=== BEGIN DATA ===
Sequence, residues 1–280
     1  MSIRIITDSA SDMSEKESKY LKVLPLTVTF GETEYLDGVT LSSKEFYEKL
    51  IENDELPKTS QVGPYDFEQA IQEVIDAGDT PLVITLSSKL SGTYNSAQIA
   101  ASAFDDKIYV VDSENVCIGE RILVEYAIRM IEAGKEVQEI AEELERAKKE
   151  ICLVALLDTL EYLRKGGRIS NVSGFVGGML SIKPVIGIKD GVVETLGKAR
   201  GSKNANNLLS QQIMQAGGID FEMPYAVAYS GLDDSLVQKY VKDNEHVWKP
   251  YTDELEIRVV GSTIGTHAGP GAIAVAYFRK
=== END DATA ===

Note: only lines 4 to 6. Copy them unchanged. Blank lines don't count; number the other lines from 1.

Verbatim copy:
   101  ASAFDDKIYV VDSENVCIGE RILVEYAIRM IEAGKEVQEI AEELERAKKE
   151  ICLVALLDTL EYLRKGGRIS NVSGFVGGML SIKPVIGIKD GVVETLGKAR
   201  GSKNANNLLS QQIMQAGGID FEMPYAVAYS GLDDSLVQKY VKDNEHVWKP